Mr. Speaker, Your Standing Committee on Government Operations is pleased to provide its Report on Bill 85, United Nations Declaration on the Rights of Indigenous Peoples Implementation Act, and commends it to the House. Mr. Speaker, I'll read the first three pages of the report and then deem the rest read.
Introduction and Background
Bill 85, United Nations Declaration on the Rights of Indigenous Peoples Implementation Act (Bill 85) received second reading on March 30, 2023, and was referred to the Standing Committee on Government Operations for review. The United Nations Declaration on the Rights of Indigenous Peoples is a comprehensive international human rights instrument. The Declaration sets out the minimum standards to ensure the survival, dignity, and well-being of Indigenous peoples.
Bill 85 follows the Calls to Action from the Truth and Reconciliation Commission of Canada and calls for justice from the National Inquiry into Missing and Murdered Indigenous Women and Girls, which calls on all levels of government to implement the Declaration. In 2019, the Legislative Assembly established a mandate for the Government of the Northwest Territories directing it to prioritize this work. The Legislative Assembly then set up a Special Committee on Reconciliation and Indigenous Affairs to seek and encourage discussions on implementing the Declaration within the Northwest Territories. SCRIA delivered an interim "what we heard" report and a final report with recommendations.
Bill 85 is a historic piece of legislation. It is the third of its kind in Canada, following similar legislation in British Columbia and at the federal level through the Government of Canada. The bill was developed in partnership between the GNWT and Indigenous governments or Organizations through a working group of officials. The bill is also linked to a separate Memorandum of Understanding that lays out a collaborative approach to implement the Declaration. As of May 2023, the GNWT and 10 of 15 IGOs had signed the MOU.
Bill 85 affirms that the declaration applies in the Northwest Territories. The GNWT will have to take "all reasonable measures" to ensure its laws, and their interpretation and application, are consistent with the declaration. Bill 85 also provides a framework for the GNWT and IGOs to collaborate and cooperate on implementing the declaration. Among other things, this framework:
- Requires a "statement of consistency" to be released with most new legislation, to explain whether new laws are consistent with the Declaration;
- Sets up an action plan committee, with Members from the GNWT and IGOs, to co-develop a work plan on making existing laws and policies consistent with the Declaration; and
- Affirms the authority of the GNWT to enter into shared decision-making agreements with IGOs.
This report summarizes committee's review of Bill 85, starting with our engagement with IGOs, the GNWT, and the public. This report also describes committee's efforts to strengthen Bill 85, including 13 motions to amend the bill - ten of which were adopted at the clause-by-clause review - and eight recommendations.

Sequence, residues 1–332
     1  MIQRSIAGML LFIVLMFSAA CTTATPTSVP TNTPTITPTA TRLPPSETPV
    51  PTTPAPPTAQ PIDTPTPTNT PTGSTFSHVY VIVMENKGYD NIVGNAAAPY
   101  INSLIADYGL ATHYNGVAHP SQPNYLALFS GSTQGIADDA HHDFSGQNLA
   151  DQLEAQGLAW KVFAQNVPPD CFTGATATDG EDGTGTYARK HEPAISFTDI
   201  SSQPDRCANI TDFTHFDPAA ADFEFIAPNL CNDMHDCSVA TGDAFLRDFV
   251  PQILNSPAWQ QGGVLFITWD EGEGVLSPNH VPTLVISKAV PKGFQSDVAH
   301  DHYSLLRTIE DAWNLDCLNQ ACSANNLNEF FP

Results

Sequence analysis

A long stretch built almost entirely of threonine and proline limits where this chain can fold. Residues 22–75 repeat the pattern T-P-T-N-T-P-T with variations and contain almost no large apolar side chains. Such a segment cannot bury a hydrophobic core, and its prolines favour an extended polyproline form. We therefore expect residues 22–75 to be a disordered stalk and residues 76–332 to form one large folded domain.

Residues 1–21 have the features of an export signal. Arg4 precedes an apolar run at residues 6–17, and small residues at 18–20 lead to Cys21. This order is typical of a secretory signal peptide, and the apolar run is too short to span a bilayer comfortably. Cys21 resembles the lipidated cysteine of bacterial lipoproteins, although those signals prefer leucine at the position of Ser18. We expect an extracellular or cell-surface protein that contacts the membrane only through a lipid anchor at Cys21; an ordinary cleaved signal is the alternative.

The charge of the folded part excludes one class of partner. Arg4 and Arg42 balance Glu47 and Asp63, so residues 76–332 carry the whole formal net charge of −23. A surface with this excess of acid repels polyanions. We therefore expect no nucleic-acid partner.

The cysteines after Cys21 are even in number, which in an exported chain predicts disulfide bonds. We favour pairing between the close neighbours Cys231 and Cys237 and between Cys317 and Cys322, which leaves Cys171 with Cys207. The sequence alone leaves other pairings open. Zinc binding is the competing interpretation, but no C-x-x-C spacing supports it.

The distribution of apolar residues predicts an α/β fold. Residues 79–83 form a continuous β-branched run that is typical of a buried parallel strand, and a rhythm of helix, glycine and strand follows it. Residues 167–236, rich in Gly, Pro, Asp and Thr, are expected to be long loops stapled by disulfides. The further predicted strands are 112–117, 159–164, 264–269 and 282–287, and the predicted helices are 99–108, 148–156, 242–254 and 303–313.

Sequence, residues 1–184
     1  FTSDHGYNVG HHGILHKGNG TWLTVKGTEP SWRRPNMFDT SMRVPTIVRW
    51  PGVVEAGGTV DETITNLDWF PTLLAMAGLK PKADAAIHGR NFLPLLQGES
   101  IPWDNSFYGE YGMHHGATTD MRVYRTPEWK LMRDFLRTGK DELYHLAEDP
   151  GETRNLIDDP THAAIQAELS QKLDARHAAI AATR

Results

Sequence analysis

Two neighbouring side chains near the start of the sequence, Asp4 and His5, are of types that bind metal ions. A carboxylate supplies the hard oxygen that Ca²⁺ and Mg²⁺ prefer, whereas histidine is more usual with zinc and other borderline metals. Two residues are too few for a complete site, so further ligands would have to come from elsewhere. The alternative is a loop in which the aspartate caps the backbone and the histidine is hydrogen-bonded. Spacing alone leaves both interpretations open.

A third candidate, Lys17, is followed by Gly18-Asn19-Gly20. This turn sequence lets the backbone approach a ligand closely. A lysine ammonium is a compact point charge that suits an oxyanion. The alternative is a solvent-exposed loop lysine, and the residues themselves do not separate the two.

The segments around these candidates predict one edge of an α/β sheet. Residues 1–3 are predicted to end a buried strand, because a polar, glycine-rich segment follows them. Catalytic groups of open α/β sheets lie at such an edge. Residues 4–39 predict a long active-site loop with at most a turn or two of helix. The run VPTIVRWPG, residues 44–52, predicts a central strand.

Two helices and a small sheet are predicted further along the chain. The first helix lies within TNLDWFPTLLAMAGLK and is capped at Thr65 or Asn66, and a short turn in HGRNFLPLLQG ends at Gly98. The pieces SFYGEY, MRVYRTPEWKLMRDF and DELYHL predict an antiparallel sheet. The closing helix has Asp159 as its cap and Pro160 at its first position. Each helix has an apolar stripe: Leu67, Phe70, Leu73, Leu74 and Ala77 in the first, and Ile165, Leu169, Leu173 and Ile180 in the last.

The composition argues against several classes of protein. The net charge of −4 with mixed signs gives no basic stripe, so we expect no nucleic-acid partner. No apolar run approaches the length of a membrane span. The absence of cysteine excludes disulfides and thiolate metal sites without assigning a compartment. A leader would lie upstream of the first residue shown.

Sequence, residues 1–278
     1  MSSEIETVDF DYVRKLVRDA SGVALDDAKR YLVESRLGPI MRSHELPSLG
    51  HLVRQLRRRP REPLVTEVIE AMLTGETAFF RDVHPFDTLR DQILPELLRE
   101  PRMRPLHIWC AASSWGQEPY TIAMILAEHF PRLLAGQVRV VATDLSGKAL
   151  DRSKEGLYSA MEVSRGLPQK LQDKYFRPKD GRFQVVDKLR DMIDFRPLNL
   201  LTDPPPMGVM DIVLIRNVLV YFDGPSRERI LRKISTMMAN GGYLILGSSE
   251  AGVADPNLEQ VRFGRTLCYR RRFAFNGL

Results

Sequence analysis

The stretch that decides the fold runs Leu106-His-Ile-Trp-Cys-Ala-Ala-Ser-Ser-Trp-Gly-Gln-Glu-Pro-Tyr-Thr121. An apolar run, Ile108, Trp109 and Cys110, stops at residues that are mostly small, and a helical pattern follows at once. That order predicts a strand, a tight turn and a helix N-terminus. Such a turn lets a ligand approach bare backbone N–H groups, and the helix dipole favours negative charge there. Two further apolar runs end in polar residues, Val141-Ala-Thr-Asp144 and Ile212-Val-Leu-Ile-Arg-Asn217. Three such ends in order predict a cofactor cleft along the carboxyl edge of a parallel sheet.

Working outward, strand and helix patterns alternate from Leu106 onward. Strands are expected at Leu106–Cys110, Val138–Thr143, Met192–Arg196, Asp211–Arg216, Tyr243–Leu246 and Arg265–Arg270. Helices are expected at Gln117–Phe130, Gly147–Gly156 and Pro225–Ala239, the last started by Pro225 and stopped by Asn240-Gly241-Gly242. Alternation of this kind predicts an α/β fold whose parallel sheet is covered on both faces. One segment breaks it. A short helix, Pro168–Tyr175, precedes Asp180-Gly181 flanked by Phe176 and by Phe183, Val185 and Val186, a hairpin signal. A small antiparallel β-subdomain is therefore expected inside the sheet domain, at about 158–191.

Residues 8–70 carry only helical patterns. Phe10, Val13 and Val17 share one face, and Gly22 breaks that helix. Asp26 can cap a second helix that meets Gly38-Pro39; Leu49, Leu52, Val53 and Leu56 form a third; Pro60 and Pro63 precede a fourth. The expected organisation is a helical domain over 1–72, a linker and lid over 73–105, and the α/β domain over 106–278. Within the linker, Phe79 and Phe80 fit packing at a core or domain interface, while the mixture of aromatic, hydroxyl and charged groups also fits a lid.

In April 2023, the committee received a public briefing from the Premier and her staff on Bill 85. The Premier's presentation is included in Appendix A.
Between May 2023 and July 2023, committee engaged the public. Our approach to engagement is described in Appendix B. Committee hosted six public meetings in Fort Simpson - Lidlii Kue, Fort Smith - Thebacha, Yellowknife - Sombak'e, Tuktoyaktuk, Inuvik, and Deline. Committee also set out to travel to Hay River, which the Hay River and area Metis Local 51 had also specifically requested. When this summer's wildfires disrupted our public engagement plans, committee held a virtual public briefing with Metis Local 51 instead. About 50 people from across the Northwest Territories participated in these meetings.
Committee also sought written submissions on Bill 85. We sent over 100 targeted engagement letters to IGOs, local governments, advocacy associations, and non-profit organizations. Committee received detailed submissions from:
- The First Nations Child & Family Caring Society;
- The First Nations Financial Management Board;
- The City of Yellowknife; and
- The Hay River and area Metis Local 51.
These four submissions are included in Appendix C. The Gwich'in Tribal Council also provided a confidential submission to facilitate committee's discussion and review.
Committee appreciates everyone who offered their feedback at public meetings and in written submissions. Their participation demonstrates a commitment to promote the inherent rights of Dene, Metis, and Inuvialuit peoples in the Northwest Territories. Most participants welcomed Bill 85 as a positive step to advance Indigenous peoples' rights and offered thoughtful ideas to improve the bill, the action plan, and the GNWT's approach to implementing the Declaration more generally. The important themes, and committee's thoughts on those themes, were:
1. Honouring existing treaties. Work to implement the declaration must respect the provisions of existing treaties and agreements. Cede and surrender clauses should be removed from existing land claims agreements.
Committee agrees. Members have asked the Premier to not put cede and surrender clauses into land and resource agreements but have not received a commitment to take out such clauses from existing agreements.